Submit your own Great Escape


Jack

Q1. Where did you move to and when?

I moved to Ho Chi Minh City, Vietnam in October 2019

Q2. How long did you work in Thailand?

I was there for four years between 2013 to 2017 and took a few trips back before moving to Vietnam in 2019.

Q3. What was your main reason for moving?

My primary reason was the visa hassle. It seemed like every time I had to go to the immigration office or do some 90-day rubbish, they became more and more spiteful. Every other week there would be some harebrained new rule implemented at a moment's notice with harsh zeal and I just felt more and more unwelcome as time went on. It had become a place I couldn't see myself settling as much as I would have liked to.

Another reason is money. Teacher salaries in Thailand are frankly insulting when you factor in the work we do, the strict requirement for degrees (that we spent thousands of £, € or $ getting) being notorised etc and the hassle of dealing with immigration we go through. With tourism as a major industry in the country, they should be begging for English teachers, not pushing them away.

I had a similar story to many I know in the 35-45k bracket, running on fumes by the end of the month and tormenting myself having to eat rice again when I knew there was an amazing pizza place a few BTS stops down that I could only afford as a very rare treat and a night out being an even rarer treat.

Just trying to live even a slightly comfortable life, I couldn't save anything and after I hit my 30s and was still counting pennies every month, I realised I needed change. Also, their attitudes towards farangs just seemed to get worse and worse. I didn't want to work, pay taxes and contribute to a society that frankly didn't want me to be there.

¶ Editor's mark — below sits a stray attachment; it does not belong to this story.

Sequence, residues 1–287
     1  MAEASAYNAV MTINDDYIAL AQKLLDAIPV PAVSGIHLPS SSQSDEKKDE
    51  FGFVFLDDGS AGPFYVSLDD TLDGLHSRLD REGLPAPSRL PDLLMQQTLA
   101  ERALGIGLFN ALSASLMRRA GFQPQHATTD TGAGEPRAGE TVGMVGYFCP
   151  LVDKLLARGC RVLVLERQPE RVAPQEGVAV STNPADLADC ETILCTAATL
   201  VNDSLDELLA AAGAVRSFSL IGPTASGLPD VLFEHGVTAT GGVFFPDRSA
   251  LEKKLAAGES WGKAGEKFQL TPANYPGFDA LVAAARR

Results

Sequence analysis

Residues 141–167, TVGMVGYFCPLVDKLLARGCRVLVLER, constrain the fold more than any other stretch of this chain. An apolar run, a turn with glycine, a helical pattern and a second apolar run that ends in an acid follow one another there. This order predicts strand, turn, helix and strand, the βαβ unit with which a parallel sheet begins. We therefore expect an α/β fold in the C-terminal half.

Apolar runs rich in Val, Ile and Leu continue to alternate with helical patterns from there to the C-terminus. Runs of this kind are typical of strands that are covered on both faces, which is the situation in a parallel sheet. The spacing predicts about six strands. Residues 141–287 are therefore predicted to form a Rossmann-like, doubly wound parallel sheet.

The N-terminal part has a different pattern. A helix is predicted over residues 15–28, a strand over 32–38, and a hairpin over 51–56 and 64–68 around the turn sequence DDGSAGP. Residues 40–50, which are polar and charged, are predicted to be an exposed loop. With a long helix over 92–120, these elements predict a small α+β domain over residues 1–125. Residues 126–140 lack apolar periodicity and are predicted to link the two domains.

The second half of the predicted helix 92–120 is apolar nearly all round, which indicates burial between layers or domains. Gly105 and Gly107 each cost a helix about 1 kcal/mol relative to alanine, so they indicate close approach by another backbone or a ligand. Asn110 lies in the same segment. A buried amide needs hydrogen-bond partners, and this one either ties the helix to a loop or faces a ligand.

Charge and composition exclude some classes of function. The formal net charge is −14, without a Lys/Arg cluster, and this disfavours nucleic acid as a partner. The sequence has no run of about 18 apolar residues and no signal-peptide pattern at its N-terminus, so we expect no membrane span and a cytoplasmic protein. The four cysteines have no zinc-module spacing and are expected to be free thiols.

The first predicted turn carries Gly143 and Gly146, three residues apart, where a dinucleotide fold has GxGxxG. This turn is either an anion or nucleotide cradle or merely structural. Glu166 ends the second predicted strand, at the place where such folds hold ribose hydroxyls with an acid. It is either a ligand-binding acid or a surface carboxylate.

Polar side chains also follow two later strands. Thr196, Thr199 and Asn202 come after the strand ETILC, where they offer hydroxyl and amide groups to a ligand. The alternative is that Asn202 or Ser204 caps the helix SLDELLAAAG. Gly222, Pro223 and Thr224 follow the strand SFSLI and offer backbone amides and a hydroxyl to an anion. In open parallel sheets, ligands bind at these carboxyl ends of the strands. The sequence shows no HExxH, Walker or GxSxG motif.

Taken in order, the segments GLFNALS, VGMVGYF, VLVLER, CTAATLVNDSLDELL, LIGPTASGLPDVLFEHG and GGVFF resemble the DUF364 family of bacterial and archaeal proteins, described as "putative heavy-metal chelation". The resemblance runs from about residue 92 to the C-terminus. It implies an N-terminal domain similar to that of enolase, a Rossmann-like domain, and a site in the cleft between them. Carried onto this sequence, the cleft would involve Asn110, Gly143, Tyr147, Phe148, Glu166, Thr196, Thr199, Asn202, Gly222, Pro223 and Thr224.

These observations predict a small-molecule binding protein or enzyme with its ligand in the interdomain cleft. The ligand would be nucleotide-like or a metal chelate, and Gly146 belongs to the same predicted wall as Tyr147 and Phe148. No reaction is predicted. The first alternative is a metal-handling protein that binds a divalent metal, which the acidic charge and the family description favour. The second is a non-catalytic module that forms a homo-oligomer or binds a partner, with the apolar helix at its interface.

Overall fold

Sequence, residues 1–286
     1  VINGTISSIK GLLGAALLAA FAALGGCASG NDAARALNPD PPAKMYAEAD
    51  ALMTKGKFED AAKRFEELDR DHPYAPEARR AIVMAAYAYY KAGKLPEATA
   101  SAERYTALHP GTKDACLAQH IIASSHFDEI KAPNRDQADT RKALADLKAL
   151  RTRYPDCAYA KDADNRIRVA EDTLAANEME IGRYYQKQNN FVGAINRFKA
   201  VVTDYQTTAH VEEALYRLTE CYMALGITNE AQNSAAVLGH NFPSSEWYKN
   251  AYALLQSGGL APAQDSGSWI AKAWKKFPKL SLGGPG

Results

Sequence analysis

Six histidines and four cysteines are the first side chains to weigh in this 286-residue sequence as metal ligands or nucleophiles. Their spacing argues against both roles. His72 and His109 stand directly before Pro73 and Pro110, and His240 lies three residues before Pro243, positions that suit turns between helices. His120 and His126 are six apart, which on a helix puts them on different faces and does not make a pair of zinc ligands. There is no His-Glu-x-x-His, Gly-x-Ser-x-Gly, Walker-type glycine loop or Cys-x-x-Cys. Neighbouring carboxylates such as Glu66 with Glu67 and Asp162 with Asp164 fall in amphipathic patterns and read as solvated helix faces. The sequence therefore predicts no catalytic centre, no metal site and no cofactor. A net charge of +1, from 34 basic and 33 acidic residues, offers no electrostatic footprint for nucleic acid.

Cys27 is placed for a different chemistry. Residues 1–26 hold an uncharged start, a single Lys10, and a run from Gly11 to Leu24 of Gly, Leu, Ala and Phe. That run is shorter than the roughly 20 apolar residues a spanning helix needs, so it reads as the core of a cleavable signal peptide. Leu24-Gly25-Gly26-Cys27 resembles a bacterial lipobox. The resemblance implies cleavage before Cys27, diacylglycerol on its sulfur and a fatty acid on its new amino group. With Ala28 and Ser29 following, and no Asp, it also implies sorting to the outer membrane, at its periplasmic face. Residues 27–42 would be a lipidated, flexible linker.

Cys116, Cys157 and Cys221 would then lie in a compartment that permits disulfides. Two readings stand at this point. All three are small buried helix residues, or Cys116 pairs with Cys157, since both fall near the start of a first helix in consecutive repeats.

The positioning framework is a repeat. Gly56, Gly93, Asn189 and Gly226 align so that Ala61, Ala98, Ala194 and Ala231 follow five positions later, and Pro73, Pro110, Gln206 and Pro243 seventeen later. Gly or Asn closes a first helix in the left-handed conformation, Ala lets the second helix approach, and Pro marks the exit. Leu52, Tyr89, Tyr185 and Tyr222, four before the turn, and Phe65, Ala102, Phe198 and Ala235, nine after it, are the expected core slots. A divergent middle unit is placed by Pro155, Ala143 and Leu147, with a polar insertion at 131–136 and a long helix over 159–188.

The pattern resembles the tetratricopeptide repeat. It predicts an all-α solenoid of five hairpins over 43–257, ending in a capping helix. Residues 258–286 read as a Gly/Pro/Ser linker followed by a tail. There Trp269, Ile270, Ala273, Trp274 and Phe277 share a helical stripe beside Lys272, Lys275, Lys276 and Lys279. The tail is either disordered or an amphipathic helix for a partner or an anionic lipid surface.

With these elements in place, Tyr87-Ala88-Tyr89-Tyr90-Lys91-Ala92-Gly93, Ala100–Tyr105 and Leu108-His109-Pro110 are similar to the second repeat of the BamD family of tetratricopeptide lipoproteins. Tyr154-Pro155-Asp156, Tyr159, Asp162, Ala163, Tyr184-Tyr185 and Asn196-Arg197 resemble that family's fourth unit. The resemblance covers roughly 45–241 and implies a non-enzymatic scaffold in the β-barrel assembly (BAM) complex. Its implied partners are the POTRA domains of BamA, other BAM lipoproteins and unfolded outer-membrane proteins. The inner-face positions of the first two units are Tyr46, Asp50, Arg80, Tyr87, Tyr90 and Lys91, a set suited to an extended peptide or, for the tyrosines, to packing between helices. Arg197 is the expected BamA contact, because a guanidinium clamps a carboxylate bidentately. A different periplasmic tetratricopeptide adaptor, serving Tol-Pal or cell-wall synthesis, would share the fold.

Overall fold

Q4. What are the advantages of working where you are now compared to Thailand?

Visas are far easier in Vietnam. While officially you need a degree here, it's less stringent than in Thailand. With my documents, my school got me a 2-year residence card so I could throw my passport in the safe and can worry about it in two years time. No 90-day check ins and no need for re-entry visas if I go abroad (I just take my residence card and come straight back in).

Also, the money situation is a lot better here. I get paid twice as much for significantly less work than I did in Thailand. On top of that, Vietnam is dirt cheap so your money goes far. I have a lifestyle in Saigon I could only dream about in Bangkok with a nice condo in a popular area, eat good food every day and still have money to travel.

You don't need to sell your soul by moving to the Middle East or putting up with freezing winters in Korea. In Vietnam, you can have a healthy slice of the Southeast Asian lifestyle in the sun, have fun and still save money every month.

Vietnamese language uses the Roman script so while it's still a pain to learn, at least you can read signs etc without needing to learn strange characters.

Finally, I've actually found the locals to be better here than in Thailand. There seems to be less of the "us vs them" attitude and I've dealt with far less incidents of xenophobia or racism here. Like many Asians, they are sensitive to criticism but they don't have the same nationalistic "centre of the universe" attitude that many Thais have. Maybe because there are fewer tourists, creeps and lager louts here, the Viets haven't had chance to develop the resentment that mass tourism brought to Thailand.

While the locals' English ability is low in Vietnam too, they're more likely to try and help out rather than scowl or ignore you like Thais. While not all Thais are rude or Vietnamese are polite, you're far more likely to run into a rude Thai.

Q5. What do you miss about life in Thailand?